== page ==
The day results of annual examinations are announced in schools is important not only for students but for parents as well. It is a day of tense waiting when hopes are realised for some and dashed for others, when minds of the young confront a range of feelings from elation to despondency, disappointment to pleasant surprise.
The day was faced in a far more relaxed manner in our times. Our parents were not in such a fit of nerves. The aspirations of our parents were modest in comparison to today’s parents. This matched the principles of our teachers for whom 60 per cent marks in a subject other than mathematics was good enough for the best while dullards were expected to score 10 or 15 out of 100.
Several incidents come to mind. Let me begin with the account narrated to me by my father about his much older friend Kali Charan. He was initially four classes ahead of my father but Kali Charan remained in Class VIII for four years enabling my father to catch up with him. Kali Charan was a jolly, care-free and open-minded fellow. After his fourth failure, he was called by the Head Master.
“Kali,” said the HM, “does your father not say anything to you? Does he not take any notice of your performance in school year after year?”
“Of course he does, Sir,” replied Kali. “Every year when I take my result home, he asks me – ‘ Kali, what happened this time?’ When I say I have failed again, father tells me – ‘Don’t worry, you may have failed but your father has not. So, carry on!’”
One day a young teacher who had joined the school recently spoke rather harshly to Kali.
“Don’t you feel ashamed to sit with boys almost half your age? Why don’t you leave school and try your luck in some other field? Education is not for you.”
Although greatly insulted, Kali Charan calmly replied, “Sir, is it proper for you to talk to me so rudely? Keep one thing in mind. Had Kali Charan passed all examinations regularly, he could have been a teacher of this school by now and be your colleague. You should have some respect for seniority also and not give value to merit alone.”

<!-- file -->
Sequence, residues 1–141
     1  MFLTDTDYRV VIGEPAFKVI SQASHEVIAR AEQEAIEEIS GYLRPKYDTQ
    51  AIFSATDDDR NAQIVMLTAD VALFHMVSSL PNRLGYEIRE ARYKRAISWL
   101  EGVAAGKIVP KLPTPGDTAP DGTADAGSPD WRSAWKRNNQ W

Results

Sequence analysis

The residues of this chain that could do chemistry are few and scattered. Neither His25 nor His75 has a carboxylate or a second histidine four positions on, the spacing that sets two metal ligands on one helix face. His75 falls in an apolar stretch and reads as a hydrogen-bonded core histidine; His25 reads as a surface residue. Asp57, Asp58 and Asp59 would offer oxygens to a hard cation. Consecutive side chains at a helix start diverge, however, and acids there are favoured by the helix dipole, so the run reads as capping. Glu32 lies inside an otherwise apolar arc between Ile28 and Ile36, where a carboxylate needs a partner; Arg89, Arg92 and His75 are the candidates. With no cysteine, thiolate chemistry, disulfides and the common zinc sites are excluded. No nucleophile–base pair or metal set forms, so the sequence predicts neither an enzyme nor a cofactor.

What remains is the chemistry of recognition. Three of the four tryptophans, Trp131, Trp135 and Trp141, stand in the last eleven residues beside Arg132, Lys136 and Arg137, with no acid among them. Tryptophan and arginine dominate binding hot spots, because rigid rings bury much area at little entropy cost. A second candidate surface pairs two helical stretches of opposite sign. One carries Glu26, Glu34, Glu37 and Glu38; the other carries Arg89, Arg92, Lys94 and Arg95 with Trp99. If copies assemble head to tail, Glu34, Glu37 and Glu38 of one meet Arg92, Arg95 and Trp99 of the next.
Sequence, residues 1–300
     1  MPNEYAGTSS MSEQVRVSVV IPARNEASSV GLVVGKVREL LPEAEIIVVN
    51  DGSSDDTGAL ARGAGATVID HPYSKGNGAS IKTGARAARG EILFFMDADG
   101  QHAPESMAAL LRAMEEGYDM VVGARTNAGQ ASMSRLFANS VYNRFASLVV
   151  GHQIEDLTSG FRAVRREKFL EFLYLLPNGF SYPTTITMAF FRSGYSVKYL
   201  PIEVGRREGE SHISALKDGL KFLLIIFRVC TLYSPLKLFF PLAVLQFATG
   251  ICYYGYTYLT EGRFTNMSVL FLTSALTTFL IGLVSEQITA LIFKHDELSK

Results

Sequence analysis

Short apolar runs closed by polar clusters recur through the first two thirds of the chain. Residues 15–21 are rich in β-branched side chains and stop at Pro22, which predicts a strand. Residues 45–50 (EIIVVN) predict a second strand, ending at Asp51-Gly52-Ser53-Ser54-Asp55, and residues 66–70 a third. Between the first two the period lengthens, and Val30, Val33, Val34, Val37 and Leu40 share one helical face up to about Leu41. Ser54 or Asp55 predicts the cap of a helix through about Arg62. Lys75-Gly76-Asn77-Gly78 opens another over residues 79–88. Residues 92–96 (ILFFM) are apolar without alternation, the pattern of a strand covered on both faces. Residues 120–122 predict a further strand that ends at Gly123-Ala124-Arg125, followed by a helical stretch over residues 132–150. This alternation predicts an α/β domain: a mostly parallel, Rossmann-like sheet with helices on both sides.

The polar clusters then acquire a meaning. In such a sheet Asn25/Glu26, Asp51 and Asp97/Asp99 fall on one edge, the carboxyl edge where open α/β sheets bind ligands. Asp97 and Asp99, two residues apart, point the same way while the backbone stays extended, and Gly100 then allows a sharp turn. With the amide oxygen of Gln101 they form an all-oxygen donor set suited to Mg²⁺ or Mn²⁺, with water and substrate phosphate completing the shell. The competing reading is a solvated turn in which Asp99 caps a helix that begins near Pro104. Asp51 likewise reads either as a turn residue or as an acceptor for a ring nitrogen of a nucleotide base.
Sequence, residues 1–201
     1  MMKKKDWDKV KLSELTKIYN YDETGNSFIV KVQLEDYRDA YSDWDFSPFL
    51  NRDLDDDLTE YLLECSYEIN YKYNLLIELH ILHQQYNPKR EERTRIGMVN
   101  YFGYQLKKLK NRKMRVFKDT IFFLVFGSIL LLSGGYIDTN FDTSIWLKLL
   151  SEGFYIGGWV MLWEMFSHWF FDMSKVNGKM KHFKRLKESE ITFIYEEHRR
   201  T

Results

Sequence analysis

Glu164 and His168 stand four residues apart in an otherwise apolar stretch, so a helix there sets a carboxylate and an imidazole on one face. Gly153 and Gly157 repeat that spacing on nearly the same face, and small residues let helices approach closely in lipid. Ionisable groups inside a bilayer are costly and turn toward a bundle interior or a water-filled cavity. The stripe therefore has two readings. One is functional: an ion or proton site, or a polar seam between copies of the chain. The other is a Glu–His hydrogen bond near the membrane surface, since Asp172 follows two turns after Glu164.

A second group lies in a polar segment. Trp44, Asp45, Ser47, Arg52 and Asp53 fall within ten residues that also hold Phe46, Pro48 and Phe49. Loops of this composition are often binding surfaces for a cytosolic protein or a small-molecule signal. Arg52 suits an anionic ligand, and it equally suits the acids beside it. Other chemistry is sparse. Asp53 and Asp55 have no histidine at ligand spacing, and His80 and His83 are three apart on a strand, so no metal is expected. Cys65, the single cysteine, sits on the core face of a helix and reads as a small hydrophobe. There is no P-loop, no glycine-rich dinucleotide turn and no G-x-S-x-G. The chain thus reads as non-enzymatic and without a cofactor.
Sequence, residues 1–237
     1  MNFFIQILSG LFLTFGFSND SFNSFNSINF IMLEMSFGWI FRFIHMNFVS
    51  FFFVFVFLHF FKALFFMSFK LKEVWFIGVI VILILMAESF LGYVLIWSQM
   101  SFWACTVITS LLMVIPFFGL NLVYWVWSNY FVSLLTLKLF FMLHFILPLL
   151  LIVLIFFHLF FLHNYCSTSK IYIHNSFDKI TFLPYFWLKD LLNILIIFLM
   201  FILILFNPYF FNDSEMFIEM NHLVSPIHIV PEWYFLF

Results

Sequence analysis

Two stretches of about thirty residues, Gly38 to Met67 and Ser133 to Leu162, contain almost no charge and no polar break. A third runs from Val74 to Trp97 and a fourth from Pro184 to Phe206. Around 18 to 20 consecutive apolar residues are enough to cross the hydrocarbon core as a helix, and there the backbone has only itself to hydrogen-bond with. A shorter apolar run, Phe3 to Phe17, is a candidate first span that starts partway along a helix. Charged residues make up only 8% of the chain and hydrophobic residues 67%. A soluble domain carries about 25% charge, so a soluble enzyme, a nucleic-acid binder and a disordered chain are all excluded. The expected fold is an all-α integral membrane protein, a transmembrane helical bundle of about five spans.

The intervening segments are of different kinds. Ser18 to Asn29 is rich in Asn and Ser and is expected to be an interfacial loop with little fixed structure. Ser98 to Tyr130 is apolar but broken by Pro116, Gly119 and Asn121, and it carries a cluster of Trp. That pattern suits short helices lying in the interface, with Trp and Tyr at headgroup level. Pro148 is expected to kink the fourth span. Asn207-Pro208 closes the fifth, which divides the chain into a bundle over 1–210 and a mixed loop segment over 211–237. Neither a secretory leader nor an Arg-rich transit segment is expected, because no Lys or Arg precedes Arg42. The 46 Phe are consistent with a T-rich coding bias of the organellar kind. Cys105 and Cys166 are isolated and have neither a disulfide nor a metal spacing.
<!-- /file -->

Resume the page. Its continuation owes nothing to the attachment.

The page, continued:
The teacher reported the incident to the Head Master and asked for strong action. The Head Master, after careful consideration, found Kali’s logic irrefutable and dropped the matter. Kali Charan ultimately passed the Matriculation examination and joined government service.
Sanat of our neighbourhood would blame others for his failure whom he accused of joining in a conspiracy to keep him down. He would stop talking to us and keep indoors for a prolonged period after results were declared. The time would be used to write poems about his resolve to vanquish enemies one day and establish a fair and equitable world order. Our seniors who had the privilege of reading his poems found in them proof that even failures could possess a spark.
One of my cousins got a ‘not so satisfactory’ report card in a lower class for her weakness in arithmetic and came home weeping. The ladies in the family swung into action to convince her that arithmetic was a nasty invention which they too had thoroughly disliked when in school. She should not, therefore, be either sad or sorry for the fault did not lie with her but mostly with the subject and the rest with the teacher. Sufficiently consoled, she regained her composure.
My friend Somnath too suffered failure in school once, primarily for spending more hours on the playground than on his studies. After coming home with his report card, Somnath shut himself up in a room and bolted it from within. His mother and aunts panicked, fearing he would do something rash. His cousins kept knocking on the door. An elderly relative soon arrived and recounted in a loud voice instances of people who failed in school but became great afterwards. A little later, the bolt was lowered. The cousins rushed in and brought Somnath out on their shoulders. He was then showered with such love and treated to such dainty food as the boy who came first could not have expected.